Sparks set to fly as Nadal takes on Del Potro

Sparks set to fly as Nadal takes on Del Potro

Murray meets Gasquet in round four

Sparks set to fly as Nadal takes on Del Potro

The giant Argentine, who stands an imposing 1.98 metres tall, climbed to fourth in the world rankings after his US Open triumph in 2009 before a wrist injury that required surgery forced him to miss almost all of last year.

But the 22-year-old has worked his way back to form and fitness and has an all-round game with the potential to derail Nadal's bid for an 11th grand slam title.

"I think he has a good serve and very good shots from the baseline, I think he's a complete player," Nadal, who is chasing a third Wimbledon crown, told reporters after easing past Luxembourg's Gilles Muller on Saturday.

"It is always is a big challenge to play against him. He's a very tough opponent and one of the best players of the world.

"His ranking is much better than what the ranking says today. His level is much better than what the ranking says today. If we talk about level, when he's healthy, he's a top five player. I'm unlucky to have to play against Del Potro in the round of 16. But that's what it is, and I have to be playing my best tennis to try to win."

The Argentine now finds himself edging back towards the world's top 20 after an arduous rehabilitation and he is quick to play down expectations that he can swiftly rediscover the form that enabled him to beat Roger Federer in the final at Flushing Meadows two years ago. "It's not easy to be top five, but I'm improving my game every day," he told reporters after booking his place in the fourth round with a straight sets-win over French number 15 seed Gilles Simon.

On top of his US Open triumph, Del Potro has reached the French Open semifinals and the quarterfinals in Australia, but this is his first foray past the second round at Wimbledon. "Of course on Monday I play against the best player in the world in this moment," he said. "Against him you have to play unbelievable tennis. You have to play everything perfectly, and then maybe, you have a little chance.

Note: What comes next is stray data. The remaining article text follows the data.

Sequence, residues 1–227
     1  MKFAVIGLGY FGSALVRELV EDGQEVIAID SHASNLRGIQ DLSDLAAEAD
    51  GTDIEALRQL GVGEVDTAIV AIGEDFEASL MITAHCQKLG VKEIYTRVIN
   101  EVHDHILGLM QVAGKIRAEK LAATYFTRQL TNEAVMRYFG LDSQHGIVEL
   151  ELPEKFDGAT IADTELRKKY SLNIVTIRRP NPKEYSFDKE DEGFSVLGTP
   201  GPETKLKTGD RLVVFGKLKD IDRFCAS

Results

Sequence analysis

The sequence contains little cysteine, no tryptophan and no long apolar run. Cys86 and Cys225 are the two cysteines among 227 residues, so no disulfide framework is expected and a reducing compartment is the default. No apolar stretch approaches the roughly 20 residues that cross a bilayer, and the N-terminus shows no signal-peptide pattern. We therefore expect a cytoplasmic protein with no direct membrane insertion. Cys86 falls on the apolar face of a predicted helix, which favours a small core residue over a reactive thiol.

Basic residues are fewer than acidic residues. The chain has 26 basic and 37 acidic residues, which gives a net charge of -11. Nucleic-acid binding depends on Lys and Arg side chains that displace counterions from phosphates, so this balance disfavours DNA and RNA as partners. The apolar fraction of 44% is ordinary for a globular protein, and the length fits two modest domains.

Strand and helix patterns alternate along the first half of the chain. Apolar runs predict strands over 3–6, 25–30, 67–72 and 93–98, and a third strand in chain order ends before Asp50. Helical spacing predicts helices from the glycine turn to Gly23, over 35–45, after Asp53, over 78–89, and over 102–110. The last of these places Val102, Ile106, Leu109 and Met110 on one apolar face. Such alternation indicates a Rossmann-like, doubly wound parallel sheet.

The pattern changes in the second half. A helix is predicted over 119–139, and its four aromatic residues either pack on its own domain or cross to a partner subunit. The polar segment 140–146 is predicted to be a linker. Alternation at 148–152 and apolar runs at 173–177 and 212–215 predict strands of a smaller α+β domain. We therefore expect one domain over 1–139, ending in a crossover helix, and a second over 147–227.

"But it's my first time in fourth round in Wimbledon and I want to treasure this moment."

Murray vs Gasquet

Richard Gasquet might spend his day off on Sunday tracking down a pair of earplugs in Wimbledon Village in preparation for his tantalising fourth-round showdown with Andy Murray.

Three years ago the duo also clashed at the All England Club at the same stage and the one abiding memory Gasquet has of that encounter is the deafening roar that greeted every winning shot produced by Murray.

"I remember the crowd were very impressive. We're told all the time, the English, Wimbledon, it's quiet. But it was incredible. A lot people were cheering for him," the Frenchman recalled of the tussle which he ended up losing in five sets.

If Gasquet thought the noise was unbearable three years ago, his eardrums might burst on Monday when 15,000 hollering fans on Centre Court, along will the rest of Britain, will be backing Murray to get one step closer to ending the home nation's 75-year wait for a men's champion.

World number four Murray, at least, has fond memories from their last grasscourt meeting as he fashioned one of his greatest comebacks from two-sets down. "That was probably the first one that really was a big comeback from me," the Scot said recalling the 5-7 3-6 7-6 6-2 6-4 win.

Since that win, Murray has shot up the rankings and contested three grand slam finals while Gasquet has failed to live up to his immense talent. But despite the gulf that now separates the two contemporaries, Murray cannot dismiss the threat posed by Gasquet, who has reached the last 16 without dropping a set.

Among Monday’s fourth round matches are the ones featuring Roger Federer against Russian Mikhail Youzhny and Novak Djokovic’s tussle against Michael Llodra. In women’s play both the Williams sisters will be in action, with Venus taking on Tsvetana Pironkova of Bulgaria and Serena battling Marion Bartoli of France.

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